- Selection of appropriate enablers to the targeted benefits. This pursuit of the EFQM-based link between results and what the Business Dictionary defines as the “capabilities, forces, and resources that contribute to the success of an entity, program, or project” helps avoid the pitfalls of scattered peripheral but target-unrelated activities and contributes to making civic energy happen in the sense specified by the locally-defined and expected benefits to the community. The possible range of enablers is as unrestricted as the targeted benefits and can include the provision of missing technical, administrative, or sector expertise, the enrolment of support of key individuals, legal empowerment from a responsible authority, the mobilization of a minimum consortium membership to substantiate a business model up to and including a skilled deployment of municipal procurement instruments.
- Integration of all operational elements into the emerging VPDCA design framework. The list of operational process elements is by no means original and includes feasibility assessments, business model development, performance assessment, adoption, and transfer, each of which comprises a number of sub-processes. However, their relevance to the CE process is determined by the previous stages.
3. The Civic Energy Cycle
3.1. Civic Energy as a Continuous Improvement Process (CIP)
3.2. Process Stages and Sub-Processes
3.3. Process Interaction
- The selected benefits of the initiation phase determine the suitability and the selection of the enabling factors.
- Feasibility assessments focus not only on a review of state-of-the-art technology or market trends but specifically examine how and whether the selected enablers can deliver the hoped-for benefits, drawing on the experience of related initiatives.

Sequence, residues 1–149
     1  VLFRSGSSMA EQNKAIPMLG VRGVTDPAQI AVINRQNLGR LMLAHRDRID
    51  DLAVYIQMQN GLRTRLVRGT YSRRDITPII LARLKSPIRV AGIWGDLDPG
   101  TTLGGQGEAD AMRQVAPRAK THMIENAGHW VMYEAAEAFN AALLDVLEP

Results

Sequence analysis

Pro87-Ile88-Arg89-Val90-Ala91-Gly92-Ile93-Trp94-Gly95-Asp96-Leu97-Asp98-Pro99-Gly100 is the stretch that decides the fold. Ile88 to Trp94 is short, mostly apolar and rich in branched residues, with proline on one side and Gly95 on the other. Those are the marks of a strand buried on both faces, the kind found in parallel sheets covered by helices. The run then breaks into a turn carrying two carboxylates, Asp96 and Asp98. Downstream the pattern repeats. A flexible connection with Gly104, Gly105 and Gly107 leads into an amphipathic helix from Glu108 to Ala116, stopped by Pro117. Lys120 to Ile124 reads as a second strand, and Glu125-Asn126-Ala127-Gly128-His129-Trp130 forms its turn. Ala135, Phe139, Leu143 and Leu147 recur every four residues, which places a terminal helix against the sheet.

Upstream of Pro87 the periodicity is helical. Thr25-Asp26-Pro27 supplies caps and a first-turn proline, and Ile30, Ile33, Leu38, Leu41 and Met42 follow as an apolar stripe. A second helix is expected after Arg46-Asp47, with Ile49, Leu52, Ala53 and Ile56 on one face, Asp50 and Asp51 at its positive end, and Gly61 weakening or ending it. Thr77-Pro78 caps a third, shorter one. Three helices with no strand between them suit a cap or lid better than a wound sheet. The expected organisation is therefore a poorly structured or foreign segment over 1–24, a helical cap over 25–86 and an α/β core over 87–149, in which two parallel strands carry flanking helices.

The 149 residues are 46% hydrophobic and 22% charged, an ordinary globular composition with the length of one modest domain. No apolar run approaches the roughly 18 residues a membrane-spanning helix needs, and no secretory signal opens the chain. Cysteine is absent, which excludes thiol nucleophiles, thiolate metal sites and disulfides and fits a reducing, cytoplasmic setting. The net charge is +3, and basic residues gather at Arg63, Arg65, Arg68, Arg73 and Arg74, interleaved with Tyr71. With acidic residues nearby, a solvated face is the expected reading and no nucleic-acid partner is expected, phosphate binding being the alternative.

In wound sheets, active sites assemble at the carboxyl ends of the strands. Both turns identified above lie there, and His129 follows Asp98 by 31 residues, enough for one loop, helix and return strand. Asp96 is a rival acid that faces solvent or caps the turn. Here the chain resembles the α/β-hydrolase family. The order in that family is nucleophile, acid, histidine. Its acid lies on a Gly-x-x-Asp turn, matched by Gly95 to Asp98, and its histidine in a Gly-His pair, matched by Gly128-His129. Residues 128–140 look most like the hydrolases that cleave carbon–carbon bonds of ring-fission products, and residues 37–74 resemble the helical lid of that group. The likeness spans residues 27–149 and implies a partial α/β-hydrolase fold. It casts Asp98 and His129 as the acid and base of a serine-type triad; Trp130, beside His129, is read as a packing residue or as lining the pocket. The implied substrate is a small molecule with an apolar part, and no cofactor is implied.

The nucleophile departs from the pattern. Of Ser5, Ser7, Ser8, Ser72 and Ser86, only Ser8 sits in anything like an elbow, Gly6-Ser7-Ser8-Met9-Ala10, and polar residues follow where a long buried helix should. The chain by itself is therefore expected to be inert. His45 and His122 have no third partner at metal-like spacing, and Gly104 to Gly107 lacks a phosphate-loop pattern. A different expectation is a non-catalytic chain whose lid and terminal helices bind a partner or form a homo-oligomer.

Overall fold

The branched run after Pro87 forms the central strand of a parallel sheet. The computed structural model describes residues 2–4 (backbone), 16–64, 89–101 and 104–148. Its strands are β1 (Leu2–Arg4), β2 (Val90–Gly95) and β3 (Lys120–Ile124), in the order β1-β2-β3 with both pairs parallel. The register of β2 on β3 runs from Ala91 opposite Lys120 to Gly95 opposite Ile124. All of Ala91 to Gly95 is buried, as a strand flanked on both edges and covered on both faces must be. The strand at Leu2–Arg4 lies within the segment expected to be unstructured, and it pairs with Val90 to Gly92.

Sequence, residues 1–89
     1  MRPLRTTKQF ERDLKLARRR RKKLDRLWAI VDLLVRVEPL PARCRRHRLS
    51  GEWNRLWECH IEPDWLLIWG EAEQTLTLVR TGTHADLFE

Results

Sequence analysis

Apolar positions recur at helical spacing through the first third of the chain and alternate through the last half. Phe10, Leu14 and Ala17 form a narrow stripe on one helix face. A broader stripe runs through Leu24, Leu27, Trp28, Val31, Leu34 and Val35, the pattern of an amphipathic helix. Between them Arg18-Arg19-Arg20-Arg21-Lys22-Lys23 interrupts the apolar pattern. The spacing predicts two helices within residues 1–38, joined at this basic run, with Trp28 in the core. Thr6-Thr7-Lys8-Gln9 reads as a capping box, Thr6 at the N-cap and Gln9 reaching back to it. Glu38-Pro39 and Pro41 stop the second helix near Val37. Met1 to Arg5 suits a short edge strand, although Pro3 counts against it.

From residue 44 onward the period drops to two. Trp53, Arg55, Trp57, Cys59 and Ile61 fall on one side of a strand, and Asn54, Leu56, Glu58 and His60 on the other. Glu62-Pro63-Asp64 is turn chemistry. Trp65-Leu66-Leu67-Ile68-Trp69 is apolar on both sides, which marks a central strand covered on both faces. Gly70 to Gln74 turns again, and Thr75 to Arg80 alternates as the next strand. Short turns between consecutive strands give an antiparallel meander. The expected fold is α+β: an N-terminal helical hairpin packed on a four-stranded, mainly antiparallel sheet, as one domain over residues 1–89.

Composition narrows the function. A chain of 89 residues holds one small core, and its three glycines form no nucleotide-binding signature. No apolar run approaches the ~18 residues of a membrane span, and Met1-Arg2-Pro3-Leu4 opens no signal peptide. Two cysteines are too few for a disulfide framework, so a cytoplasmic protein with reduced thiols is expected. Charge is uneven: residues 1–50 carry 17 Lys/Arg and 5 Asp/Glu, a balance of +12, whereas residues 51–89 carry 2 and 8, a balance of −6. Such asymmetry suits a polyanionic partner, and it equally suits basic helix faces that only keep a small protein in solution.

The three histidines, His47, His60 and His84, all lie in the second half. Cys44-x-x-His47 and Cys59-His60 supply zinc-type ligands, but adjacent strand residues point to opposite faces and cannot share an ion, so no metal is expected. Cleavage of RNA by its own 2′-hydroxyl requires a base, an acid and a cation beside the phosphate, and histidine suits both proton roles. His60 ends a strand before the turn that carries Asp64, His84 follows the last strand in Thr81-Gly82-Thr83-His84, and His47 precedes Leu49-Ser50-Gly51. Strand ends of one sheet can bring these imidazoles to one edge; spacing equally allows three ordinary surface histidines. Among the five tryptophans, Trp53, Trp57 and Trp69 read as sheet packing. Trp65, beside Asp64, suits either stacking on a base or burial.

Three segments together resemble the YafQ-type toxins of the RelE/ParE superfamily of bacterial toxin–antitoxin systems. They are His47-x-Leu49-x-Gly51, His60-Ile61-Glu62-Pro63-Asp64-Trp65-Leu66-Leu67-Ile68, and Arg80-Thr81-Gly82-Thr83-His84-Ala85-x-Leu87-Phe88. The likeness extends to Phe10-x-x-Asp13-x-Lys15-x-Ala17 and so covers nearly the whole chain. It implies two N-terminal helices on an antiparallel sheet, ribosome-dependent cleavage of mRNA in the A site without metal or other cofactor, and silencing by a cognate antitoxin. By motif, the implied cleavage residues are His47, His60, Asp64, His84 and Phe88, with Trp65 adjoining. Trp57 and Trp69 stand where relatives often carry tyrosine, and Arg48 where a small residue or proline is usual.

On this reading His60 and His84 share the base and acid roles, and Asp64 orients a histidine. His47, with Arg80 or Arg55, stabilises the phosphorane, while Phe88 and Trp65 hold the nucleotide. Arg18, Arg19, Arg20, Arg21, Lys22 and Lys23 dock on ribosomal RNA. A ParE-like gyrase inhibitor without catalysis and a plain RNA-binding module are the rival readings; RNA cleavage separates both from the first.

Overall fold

- The customized business model is not based on a single currency but serves to deliver the targeted range of benefits and needs to be structured accordingly.
- Management assignments focus on the processing of the enablers.
- The roll-out of deliveries relates initially to the energy services provided but also more importantly to the civic undertaking of delivering the projected benefits to the designated recipients.
- The review activities of the fourth phase build on the structure of the feasibility assessments and include self-monitoring conducted by the stakeholders of phase one.
- Adoption decisions based on the review can entail either a re-focusing of additional community needs and benefits to be served by the installed energy system or a realignment of enablers or both.
5. Conclusions and Policy Implications
Conflicts of Interest
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|VPDCA Phase||Process Stage||Sub-Processes|
|Initiation (V)||Civic Energy vision and policy assimilation|
|Community stakeholder consortium|
|Specification of targeted benefits|
|Planning (P)||Selection of enablers|
|Energy services delivery|
|Delivery of community benefits|
|Reflection and Adoption (C, A)||Assessment and optimization|
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McGovern, G.; Klenke, T. A Process Approach to Mainstreaming Civic Energy. Energies 2018, 11, 2914. https://doi.org/10.3390/en11112914
McGovern G, Klenke T. A Process Approach to Mainstreaming Civic Energy. Energies. 2018; 11(11):2914. https://doi.org/10.3390/en11112914Chicago/Turabian Style
McGovern, Gerard, and Thomas Klenke. 2018. "A Process Approach to Mainstreaming Civic Energy" Energies 11, no. 11: 2914. https://doi.org/10.3390/en11112914